After six-and-a-half-decades spent mastering his instrument, jamming with some of the biggest names in rock music (most famously the Grateful Dead and George Harrison), winning a Grammy and playing countless memorable shows before countless riveted fans, you’d think tabla virtuoso Zakir Hussain would be on auto-pilot by now.
But you'd be very wrong.
“I feel reborn,” says Hussain from his longtime home in San Anselmo, a town just north of San Francisco’s Golden Gate bridge.
Hussain’s sense of renewed musical purpose and possibility is rooted in two things: a liberating emergence from pandemic isolation and his recent discovery of VHS tapes containing footage of his father and teacher, Allah Rakha, instructing his gifted but impatient son in the 1970s.
After a long and unpleasant live performance drought during the height of COVID, Hussain made a full return to concert halls and other venues last year. His current tour — which includes an SCP Special Concert on April 7 with the Masters of Percussion — is his first in several years where audiences will be largely unmasked. But he’s throwing caution to the wind in the name of musical connection. While Instagram and Zoom stood in for creating and communicating during the darkest days of contagion, nothing matches live performance sonically or emotionally.
When he first re-experienced a live audience after being “lost on an island for a couple of years,” he says, “there were tears in my eyes.” Now, a year later, he’s more enthusiastic than ever about sharing his music with the world. And thanks to those unearthed VHS tapes, the reviewing of which kept him office-bound “from dusk till dawn” and caused him to be “lost to the family for about three months,” he understands it better than ever.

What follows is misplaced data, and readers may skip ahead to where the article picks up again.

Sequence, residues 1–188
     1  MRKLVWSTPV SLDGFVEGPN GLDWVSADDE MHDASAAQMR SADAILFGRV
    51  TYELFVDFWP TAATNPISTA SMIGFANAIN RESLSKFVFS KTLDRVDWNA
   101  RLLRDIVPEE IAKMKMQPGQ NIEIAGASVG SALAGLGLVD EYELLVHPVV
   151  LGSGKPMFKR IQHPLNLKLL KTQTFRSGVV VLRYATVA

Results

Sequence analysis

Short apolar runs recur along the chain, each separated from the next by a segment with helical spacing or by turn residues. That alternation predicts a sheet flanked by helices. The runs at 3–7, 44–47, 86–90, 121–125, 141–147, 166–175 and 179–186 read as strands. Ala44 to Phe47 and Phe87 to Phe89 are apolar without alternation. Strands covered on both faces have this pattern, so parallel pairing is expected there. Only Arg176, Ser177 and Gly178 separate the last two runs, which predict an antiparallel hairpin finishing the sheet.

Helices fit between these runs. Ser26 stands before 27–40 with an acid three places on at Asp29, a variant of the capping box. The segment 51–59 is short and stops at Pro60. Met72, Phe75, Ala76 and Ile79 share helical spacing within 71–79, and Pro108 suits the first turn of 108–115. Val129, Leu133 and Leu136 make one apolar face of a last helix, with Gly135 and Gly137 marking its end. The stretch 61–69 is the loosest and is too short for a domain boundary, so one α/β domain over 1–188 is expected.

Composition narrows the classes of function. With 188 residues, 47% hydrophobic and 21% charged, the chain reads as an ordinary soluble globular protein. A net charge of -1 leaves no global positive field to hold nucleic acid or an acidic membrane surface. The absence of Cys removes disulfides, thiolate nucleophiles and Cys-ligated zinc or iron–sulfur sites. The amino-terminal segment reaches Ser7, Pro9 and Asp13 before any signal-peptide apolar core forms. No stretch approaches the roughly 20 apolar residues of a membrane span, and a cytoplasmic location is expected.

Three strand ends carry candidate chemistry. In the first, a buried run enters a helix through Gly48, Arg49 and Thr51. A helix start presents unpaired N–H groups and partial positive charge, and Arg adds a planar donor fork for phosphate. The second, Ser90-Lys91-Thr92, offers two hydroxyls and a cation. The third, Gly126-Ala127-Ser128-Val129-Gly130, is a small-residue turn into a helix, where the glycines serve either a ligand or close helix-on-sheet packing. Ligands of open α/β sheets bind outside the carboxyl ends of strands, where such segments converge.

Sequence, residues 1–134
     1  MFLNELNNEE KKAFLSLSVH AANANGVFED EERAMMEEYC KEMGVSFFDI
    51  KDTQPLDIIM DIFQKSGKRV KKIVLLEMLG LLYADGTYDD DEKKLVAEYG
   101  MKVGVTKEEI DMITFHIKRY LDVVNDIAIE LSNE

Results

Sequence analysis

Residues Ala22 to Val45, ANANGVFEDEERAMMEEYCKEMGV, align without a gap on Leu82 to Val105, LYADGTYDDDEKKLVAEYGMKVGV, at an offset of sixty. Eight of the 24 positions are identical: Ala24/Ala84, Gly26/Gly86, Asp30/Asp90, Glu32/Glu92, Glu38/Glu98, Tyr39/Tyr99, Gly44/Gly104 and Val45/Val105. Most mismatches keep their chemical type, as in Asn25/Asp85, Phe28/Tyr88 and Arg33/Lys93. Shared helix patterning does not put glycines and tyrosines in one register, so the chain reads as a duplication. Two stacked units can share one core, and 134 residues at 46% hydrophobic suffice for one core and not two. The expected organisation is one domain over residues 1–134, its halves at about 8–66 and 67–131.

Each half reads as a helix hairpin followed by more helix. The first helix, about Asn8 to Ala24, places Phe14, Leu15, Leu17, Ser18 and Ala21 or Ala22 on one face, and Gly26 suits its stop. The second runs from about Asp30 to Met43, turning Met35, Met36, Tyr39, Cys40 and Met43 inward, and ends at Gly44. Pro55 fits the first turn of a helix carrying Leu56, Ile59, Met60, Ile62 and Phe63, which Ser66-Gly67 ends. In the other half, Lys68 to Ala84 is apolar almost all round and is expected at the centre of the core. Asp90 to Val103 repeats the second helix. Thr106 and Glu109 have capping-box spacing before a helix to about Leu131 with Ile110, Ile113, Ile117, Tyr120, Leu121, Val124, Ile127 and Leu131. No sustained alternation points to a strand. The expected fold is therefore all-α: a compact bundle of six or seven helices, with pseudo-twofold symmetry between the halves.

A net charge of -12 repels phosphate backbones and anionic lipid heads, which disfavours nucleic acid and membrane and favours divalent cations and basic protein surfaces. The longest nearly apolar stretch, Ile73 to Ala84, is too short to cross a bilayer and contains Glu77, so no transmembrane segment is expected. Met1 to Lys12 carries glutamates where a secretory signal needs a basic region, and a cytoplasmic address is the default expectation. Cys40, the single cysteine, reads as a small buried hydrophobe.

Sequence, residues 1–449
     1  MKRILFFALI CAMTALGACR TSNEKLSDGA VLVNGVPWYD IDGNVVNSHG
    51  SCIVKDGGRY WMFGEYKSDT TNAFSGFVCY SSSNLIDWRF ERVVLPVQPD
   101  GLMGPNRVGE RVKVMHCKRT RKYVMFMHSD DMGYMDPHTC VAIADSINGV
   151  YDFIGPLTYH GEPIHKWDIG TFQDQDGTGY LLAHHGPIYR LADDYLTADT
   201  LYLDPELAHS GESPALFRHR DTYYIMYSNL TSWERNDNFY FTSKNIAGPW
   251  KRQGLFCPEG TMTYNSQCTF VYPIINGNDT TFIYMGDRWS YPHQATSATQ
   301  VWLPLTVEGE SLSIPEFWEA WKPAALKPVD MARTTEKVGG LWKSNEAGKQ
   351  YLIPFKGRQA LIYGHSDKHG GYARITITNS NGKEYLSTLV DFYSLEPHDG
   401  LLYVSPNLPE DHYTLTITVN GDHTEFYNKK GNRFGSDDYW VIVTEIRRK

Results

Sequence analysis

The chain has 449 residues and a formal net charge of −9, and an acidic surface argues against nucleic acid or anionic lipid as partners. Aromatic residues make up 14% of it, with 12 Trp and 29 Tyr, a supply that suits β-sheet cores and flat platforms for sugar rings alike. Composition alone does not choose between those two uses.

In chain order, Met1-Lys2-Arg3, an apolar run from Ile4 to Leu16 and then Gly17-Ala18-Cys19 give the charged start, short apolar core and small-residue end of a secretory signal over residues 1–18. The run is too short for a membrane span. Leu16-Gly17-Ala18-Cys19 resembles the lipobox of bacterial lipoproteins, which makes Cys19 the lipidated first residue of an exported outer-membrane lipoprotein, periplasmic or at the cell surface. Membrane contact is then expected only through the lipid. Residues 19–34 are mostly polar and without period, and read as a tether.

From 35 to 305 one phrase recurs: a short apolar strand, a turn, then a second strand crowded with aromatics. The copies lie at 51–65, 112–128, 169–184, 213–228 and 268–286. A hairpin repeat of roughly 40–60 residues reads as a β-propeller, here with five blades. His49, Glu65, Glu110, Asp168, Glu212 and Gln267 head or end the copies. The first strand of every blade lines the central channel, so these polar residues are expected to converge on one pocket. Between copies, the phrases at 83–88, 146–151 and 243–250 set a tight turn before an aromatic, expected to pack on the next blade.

When he first re-experienced a live audience after being “lost on an island for a couple of years, there were tears in my eyes.” — Zakir Hussain
“I was a young whippersnapper with enough patience to be able to understand the length and breadth of that which was being transmitted,” Hussain says. “I remember [my father] saying, ‘Do this,’ and I rattled it off, because I was good at doing that. And he’d be like, “OK, now try this way,’ and I’d rattle it off. But I never really sat down to understand where it’s from. What is the significance of it? Who were the masters who came up with all this information? Those questions weren’t asked by me because I was an “OK, what's next’ kind of a student.
“But as I was looking at these tapes with a 71-year-old body and mind that are more relaxed and more patient, I was suddenly hearing what was between the lines. Those compositions started to morph into something else, and I said, ‘Oh, my God, that's how it’s supposed to be.’ I realized that what he was teaching me had something to do with where I was going at that time. He saw that I was going to work with John McLaughlin and Shakti. And that I was going to be doing work with Mickey Hart. And we were going to do rhythm, percussion ensembles, and whatnot. So he was teaching me compositions, which I was playing by myself, but I was totally ignoring that there were layers to it.”
That experience of musical discovery, Hussain says, impacted not only the way he interprets the material but how he teaches his students. It also helped him reconnect on a spiritual level with his late father and reinvigorated his relationship with the tabla.
“We believe in India that each instrument has a spirit inside,” he says. “When you’re learning to play that instrument, half the battle is to get that spirit to accept you. It basically means how you become totally comfortable sitting in front of that instrument, holding it, touching it. And inside you feel a natural kind of umbilical cord forming between you and the instrument so that it throws back at you that which you've just thought of doing.”
Hussain may be a tabla master, but he’s always learning.
“It’s like a new life,” he says. “I'm born again. I'm fresh and recouped, and I can’t wait to share that with people.”